Rare Two-Headed Baby Copperhead Snake Found, on Display at Wildlife Center

Reptile aficionados who find themselves in Frankfort, Kentucky, can now get a glimpse of a rare, two-headed baby copperhead snake.

On October 4, an unnamed couple living in Leslie County, Kentucky, found the snake in their yard and called a conservation officer. The snake was donated to the Salato Wildlife Education Center so it could be properly cared for, and so the general public could have the opportunity to learn about the rare phenomenon.

"I have never seen a two-headed copperhead before," herpetologist John MacGregor said in a video on Facebook. "I've seen thousands of copperheads."

The Salato Wildlife Center wrote in a Facebook post that its staff was "thrilled" to host the unique animal, adding that it hoped the snake would thrive under its care to become an "educational ambassador" of the native Kentucky species.

The wildlife center said that both of the snake's heads moved and both sets of eyes moved. Both tongues were also functional; the center did not yet know if both of its mouths could swallow food.

To educate the public about two-headed snakes, the wildlife center decided to put the reptile on display from 10:00 a.m. EDT to 12:00 p.m. EDT, and then again from 2:00 p.m. EDT to 4:00 p.m. EDT.

rare baby two headed copperhead
The two-headed copperhead has two functional heads, two sets of eyes that move and two functional tongues. Kentucky Department of Fish and Wildlife Resources

Two-headed snakes can often have serious health complications that can pose a risk to the animal's livelihood. The center explained that the snake would also be taken out of the public's eye and off display.

Two-headed snakes come to be the same way as human conjoined twins do, in that an embryo begins to split into identical twins but stops before the split is completed. This baby copperhead is only slightly separated at the neck, but the separation can continue farther down the body.

Gordon Burghardt, a herpetologist at the University of Tennessee, told National Geographic that two-headed snakes will fight over which head gets to swallow prey. That makes them more vulnerable to attack than their one-headed counterparts, because feeding takes more time.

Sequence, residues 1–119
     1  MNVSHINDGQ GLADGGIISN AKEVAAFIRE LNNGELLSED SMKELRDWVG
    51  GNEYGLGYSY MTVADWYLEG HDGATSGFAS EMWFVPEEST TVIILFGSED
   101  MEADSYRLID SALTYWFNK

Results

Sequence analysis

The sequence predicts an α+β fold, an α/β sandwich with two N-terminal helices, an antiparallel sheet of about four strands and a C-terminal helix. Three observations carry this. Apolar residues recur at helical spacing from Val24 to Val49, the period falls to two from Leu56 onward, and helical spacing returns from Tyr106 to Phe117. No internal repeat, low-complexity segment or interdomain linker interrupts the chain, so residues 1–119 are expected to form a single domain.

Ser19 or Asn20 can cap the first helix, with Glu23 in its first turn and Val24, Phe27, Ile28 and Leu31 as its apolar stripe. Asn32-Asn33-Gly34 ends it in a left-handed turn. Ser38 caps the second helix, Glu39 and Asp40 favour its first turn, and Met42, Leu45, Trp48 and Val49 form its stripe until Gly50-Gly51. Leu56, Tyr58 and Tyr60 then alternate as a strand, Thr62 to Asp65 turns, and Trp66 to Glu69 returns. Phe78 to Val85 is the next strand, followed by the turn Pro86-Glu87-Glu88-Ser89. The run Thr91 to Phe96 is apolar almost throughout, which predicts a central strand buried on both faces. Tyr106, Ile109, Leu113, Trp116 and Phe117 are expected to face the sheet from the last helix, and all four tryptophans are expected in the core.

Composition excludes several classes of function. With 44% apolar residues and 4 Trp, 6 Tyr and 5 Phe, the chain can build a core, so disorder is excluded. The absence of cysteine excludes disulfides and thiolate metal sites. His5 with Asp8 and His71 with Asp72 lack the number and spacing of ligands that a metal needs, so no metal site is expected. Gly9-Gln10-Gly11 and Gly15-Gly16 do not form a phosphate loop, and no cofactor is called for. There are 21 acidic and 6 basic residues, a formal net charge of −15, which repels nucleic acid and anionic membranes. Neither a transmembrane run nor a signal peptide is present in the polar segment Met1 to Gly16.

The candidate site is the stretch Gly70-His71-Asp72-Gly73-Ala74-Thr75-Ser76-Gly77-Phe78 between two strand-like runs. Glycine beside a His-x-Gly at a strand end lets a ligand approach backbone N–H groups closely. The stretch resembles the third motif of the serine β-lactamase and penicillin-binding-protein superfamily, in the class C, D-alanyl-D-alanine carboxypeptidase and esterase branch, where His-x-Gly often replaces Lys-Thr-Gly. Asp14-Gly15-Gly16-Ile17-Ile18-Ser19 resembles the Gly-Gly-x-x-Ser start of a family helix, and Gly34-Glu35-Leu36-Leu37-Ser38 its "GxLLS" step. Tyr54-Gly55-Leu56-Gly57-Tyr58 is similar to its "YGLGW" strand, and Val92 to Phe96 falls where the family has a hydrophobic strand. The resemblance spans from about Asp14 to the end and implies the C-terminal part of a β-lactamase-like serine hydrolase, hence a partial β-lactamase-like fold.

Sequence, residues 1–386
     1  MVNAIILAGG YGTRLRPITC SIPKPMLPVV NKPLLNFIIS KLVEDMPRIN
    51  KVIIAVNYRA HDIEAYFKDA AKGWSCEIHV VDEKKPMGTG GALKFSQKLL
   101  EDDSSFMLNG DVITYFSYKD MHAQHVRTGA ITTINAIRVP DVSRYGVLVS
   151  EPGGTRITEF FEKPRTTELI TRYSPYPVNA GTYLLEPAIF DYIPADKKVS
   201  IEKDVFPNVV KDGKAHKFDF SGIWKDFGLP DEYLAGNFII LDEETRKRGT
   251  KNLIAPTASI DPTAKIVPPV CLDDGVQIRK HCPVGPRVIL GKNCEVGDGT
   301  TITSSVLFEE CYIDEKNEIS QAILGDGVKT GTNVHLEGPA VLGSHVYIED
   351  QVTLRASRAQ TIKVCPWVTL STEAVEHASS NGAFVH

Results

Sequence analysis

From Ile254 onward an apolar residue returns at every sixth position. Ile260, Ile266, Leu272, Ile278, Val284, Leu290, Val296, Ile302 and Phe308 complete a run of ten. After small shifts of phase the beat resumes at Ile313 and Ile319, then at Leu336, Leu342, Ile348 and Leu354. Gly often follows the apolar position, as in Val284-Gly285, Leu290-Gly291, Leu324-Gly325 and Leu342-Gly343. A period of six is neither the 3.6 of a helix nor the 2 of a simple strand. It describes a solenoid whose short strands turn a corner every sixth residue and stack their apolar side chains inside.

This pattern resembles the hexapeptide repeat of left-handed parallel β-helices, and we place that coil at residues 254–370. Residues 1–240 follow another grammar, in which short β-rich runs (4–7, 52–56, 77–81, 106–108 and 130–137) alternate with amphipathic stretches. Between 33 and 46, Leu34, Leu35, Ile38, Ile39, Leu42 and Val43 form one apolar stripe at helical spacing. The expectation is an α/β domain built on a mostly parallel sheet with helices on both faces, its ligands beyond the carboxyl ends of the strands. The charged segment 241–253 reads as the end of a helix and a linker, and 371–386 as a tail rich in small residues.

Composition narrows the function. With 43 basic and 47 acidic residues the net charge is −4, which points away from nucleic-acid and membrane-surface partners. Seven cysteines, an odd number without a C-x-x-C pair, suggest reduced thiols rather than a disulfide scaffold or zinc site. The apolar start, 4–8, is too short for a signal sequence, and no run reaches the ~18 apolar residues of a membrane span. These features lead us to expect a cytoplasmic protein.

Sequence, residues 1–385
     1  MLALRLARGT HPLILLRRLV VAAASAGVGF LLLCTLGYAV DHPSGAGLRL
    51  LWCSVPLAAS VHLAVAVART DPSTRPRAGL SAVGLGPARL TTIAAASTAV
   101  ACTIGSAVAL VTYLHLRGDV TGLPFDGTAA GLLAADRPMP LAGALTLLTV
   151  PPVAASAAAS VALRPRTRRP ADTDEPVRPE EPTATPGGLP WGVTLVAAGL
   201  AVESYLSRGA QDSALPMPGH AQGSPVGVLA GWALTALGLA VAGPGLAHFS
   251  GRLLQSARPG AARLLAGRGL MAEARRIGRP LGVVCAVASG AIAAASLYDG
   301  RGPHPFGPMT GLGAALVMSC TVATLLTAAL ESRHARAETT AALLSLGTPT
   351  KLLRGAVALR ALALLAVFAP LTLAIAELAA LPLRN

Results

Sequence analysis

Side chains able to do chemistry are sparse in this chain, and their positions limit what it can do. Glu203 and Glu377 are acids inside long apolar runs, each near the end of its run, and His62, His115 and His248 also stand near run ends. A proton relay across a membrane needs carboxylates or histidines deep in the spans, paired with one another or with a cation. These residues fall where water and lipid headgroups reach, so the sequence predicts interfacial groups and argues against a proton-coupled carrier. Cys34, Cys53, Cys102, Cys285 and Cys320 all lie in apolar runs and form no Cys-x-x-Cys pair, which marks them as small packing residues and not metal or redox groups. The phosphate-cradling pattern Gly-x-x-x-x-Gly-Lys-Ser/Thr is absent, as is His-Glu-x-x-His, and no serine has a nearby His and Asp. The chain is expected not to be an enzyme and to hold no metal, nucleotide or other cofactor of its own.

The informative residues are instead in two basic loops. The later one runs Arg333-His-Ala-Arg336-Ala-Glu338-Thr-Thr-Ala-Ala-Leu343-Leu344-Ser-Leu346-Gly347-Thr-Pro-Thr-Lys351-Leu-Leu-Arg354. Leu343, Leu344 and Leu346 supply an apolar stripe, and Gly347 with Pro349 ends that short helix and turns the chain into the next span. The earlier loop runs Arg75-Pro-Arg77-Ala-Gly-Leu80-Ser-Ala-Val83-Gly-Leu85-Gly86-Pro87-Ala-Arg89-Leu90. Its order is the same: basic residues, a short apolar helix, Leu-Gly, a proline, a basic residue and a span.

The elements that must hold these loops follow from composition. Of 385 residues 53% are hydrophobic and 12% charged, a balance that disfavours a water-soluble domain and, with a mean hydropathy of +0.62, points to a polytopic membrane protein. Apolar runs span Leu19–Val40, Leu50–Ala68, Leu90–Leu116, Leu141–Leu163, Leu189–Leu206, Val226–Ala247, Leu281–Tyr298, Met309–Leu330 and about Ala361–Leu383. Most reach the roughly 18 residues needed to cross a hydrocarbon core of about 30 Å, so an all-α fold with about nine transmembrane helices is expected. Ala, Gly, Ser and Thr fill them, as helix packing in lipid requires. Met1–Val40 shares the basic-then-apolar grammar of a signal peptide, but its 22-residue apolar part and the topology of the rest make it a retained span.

With two brains trying to make decisions about which way to go and how to respond to an attack, Burghardt explained, two-headed snakes rarely have a long life in the wild. However, he cited "Thelma and Louise," the the two-headed snake which survived for years in the San Diego Zoo, as proof that two-headed snakes had a longer life span while in captivity. Another snake lived for 17 years in captivity at Arizona State University.

rare two headed snake
A rare two-headed baby copperhead snake was found in Kentucky and is on display at the Salato Wildlife Center, in Frankfort. Kentucky Department of Fish and Wildlife Resources

While there were rumors that only one head of a copperhead will eat, Robert Brock, a zookeeper who cared for numerous two-headed snakes including Thelma and Louise, said, "It depends on the snake." With Thelma and Louise, a corn snake, the right head did all the eating, while the left head drank occasionally. However, another two-headed snake Brock cared for ate with both heads, often at the same time.

Although two-headed snakes are rare, this is at least the second two-headed copperhead snake to be found in the United States in the last two months.

In September, a woman found a two-headed eastern copperhead outside her home in Woodbridge, Virginia, and contacted the Virginia Wildlife Management and Control. The snake was turned over to the Wildlife Center of Virginia, where experts continue to care for it.

Two-headed animals often share internal organs, meaning they only have one heart and one set of lungs. But in March, a snake breeder in Florida found out his two-headed boa constrictor snake had two hearts.

"I was shocked it has two hearts," veterinarian Dr. Lauren Thielen told National Geographic. "But it was really cool to understand that the Siamese twin snake was really two snakes in one outer skin."

Pending health complications, the snake recently found in Kentucky will be on display until November 21, when the center closes for the season.